HC panel questions setting up Special Courts to try MPs, MLAs

‘These should be offence-centric and not offender-centric’

November 03, 2020 04:08 am | Updated 04:08 am IST - NEW DELHI

Chennai, 11/4/2008:  Madras High Court  in Chennai on Friday.  Photo: V. Ganesan.

Chennai, 11/4/2008: Madras High Court in Chennai on Friday. Photo: V. Ganesan.

A three-judge committee of the Madras High Court has questioned the constitutional validity of setting up Special Courts to exclusively try MPs and MLAs for various crimes.

It said the Special Courts should be “offence-centric” and not “offender-centric.”

“An MP/MLA, who commits an offence under the POCSO Act [or other Special Acts like Prevention of Corruption Act, Narcotic Drugs and Psychotropic Substances Act] can only be tried by a Special Court created under the POCSO Act [PC Act, NDPS Act] and there cannot be another Special Court exclusively for trial of an MP/MLA, who commits POCSO offence,” the Madras High Court Committee report reasoned.

Status report

This report is part of a status report filed by amicus curiae Vijay Hansaria and advocate Sneha Kalita in the Supreme Court on Monday.

The HC Committee report, dated October 13, comes in the face of a 2017 Supreme Court order authorising the Centre to set up 12 Special Courts to exclusively try criminal politicians across the country.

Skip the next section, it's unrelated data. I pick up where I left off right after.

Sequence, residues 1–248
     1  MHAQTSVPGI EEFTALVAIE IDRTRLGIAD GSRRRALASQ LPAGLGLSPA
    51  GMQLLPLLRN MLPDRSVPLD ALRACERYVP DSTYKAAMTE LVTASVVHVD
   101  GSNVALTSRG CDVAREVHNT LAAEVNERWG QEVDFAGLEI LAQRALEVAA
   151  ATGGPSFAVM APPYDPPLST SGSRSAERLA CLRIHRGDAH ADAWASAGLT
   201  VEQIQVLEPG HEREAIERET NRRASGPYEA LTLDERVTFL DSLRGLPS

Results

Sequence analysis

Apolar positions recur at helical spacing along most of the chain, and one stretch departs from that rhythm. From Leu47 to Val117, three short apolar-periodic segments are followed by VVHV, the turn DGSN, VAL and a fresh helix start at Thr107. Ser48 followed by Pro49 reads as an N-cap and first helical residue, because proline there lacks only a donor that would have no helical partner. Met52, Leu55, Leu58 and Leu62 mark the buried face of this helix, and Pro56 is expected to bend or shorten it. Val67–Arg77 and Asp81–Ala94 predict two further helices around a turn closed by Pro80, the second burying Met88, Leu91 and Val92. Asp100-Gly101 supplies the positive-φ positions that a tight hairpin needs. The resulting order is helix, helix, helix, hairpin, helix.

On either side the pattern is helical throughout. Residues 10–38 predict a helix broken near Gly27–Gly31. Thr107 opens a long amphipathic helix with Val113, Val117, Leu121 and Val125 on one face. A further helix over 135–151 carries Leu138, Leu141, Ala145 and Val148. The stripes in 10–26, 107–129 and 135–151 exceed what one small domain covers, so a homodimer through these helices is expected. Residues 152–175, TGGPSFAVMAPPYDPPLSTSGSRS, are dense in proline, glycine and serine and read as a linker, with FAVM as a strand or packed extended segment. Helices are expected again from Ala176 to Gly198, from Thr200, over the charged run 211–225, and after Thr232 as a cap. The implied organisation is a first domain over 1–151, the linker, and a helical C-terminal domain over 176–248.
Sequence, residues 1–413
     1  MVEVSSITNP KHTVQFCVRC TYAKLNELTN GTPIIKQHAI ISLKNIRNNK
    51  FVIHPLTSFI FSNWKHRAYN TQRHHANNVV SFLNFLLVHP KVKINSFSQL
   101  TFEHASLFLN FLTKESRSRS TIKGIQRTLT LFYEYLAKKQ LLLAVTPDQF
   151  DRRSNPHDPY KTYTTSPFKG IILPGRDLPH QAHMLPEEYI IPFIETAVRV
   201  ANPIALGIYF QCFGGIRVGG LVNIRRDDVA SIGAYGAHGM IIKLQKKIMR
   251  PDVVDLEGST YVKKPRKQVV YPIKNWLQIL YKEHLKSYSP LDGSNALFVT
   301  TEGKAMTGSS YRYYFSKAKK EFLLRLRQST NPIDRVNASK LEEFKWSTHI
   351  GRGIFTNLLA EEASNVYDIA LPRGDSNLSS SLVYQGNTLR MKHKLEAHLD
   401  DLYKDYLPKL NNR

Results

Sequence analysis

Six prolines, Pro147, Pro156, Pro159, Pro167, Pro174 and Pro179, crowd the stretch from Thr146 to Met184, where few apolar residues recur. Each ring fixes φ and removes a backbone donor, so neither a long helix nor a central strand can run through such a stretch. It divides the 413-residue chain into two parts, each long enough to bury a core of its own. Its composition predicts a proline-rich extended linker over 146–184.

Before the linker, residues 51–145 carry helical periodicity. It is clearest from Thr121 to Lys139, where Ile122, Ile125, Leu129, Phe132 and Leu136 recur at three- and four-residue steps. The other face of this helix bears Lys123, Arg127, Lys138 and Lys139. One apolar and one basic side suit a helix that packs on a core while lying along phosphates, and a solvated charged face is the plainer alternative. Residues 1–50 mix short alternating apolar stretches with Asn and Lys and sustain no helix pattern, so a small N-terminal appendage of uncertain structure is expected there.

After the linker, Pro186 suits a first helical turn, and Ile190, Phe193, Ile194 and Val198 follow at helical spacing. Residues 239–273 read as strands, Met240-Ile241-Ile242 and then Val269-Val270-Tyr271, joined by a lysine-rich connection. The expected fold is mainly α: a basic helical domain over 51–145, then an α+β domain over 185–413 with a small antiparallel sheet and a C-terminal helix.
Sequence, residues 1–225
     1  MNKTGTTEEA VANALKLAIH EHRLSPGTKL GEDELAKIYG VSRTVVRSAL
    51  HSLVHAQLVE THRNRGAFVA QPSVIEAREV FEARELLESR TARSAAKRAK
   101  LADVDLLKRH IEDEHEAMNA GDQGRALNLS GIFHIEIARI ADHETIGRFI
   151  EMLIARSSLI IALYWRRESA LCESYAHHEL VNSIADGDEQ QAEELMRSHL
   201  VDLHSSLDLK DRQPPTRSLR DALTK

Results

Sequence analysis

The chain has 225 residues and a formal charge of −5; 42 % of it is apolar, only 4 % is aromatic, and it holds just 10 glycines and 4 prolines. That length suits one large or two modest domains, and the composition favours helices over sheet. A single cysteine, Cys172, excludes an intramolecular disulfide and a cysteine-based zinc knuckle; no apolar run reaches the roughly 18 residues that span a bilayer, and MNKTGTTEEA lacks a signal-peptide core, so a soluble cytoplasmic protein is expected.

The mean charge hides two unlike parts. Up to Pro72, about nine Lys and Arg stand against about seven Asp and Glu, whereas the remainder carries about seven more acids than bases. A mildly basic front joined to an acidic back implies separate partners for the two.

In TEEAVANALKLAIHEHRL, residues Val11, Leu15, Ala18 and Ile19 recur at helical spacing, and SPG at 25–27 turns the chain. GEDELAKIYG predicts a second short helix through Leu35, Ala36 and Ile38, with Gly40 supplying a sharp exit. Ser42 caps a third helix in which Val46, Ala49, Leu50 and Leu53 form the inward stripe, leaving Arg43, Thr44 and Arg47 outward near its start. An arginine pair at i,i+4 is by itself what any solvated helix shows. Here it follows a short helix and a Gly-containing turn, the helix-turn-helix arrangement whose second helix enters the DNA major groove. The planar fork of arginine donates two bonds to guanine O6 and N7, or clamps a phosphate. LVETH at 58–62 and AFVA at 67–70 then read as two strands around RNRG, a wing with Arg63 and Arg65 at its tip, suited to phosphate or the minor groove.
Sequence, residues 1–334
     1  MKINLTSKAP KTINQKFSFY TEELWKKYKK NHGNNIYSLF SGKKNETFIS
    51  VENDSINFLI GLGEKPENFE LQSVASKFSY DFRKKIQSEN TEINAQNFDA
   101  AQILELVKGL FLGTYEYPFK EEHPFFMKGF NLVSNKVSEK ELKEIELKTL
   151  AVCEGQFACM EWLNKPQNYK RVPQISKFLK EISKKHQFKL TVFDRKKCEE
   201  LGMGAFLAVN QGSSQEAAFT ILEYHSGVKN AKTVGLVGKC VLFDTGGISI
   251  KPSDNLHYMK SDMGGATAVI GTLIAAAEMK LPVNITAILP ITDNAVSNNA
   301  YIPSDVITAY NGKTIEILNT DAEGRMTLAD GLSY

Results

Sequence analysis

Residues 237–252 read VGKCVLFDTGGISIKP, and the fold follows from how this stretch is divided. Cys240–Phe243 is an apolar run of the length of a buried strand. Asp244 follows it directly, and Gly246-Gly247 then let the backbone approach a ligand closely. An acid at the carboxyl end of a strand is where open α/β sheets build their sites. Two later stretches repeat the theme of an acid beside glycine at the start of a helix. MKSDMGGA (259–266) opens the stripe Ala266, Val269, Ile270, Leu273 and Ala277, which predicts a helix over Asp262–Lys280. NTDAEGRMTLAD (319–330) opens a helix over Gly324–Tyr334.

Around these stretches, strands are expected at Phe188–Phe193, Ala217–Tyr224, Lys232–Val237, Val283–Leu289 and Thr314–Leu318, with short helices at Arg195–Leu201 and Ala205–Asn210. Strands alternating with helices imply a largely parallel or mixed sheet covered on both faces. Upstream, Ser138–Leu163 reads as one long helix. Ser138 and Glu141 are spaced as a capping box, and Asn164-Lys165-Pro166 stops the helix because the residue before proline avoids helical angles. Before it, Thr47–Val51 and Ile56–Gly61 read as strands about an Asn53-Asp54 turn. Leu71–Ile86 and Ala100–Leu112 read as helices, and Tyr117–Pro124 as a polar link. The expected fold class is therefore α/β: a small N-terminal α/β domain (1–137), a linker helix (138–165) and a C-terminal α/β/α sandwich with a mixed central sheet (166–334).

It also comes at a time when a three-judge Bench of the apex court led by Justice N.V. Ramana is looking at ways to expedite these trials pending for years, in some cases, for decades. Over 4,400 criminal trials are pending against legislators. Of this over 2500 trials involve sitting legislators.

But the Madras High Court’s Criminal Rules Committee on Special Courts for Trial of Criminal Cases against MPs/MLAs, composed of Justices P.N. Prakash, G. Jayachandran and N. Sathish Kumar, said Special Courts could not be set up on the basis of judicial or executive orders.

“Special Courts can only be constituted by a statute and not by executive or judicial fiats,” Mr. Hansaria summarised the observations of the Committee.

Robust structure

The committee raised strong reservations against setting up Special Courts in Tamil Nadu.

“The existing court structure in Tamil Nadu, which is robust, is more than enough to deal with the cases involving MPs and MLAs,” the committee said.

It urged the Madras High Court Chief Justice to bring this “fact” to the notice of the Supreme Court to get an “exemption from establishing Special Courts for trial of cases involving MPs and MLAs.”

The committee, Mr. Hansaria summarised, also referred to how cases were filed and withdrawn in Tamil Nadu when power changed hands in the State.

“The two principal political parties viz., DMK and AIADMK, whenever they come to power, file defamation cases against opposition leaders in the court of sessions. These cases will invariably be stayed by the High Court. When there is change in government, all the cases filed by the previous government will be withdrawn,” it noted.

The committee pointed to how witnesses, probably in Kanyakumari, have to travel 700 km to Chennai to testify at the Special Court there.

“None thought about their safety,” the committee pointed out.

It questioned how one Special Court could cover the cases across 32 districts of Tamil Nadu.

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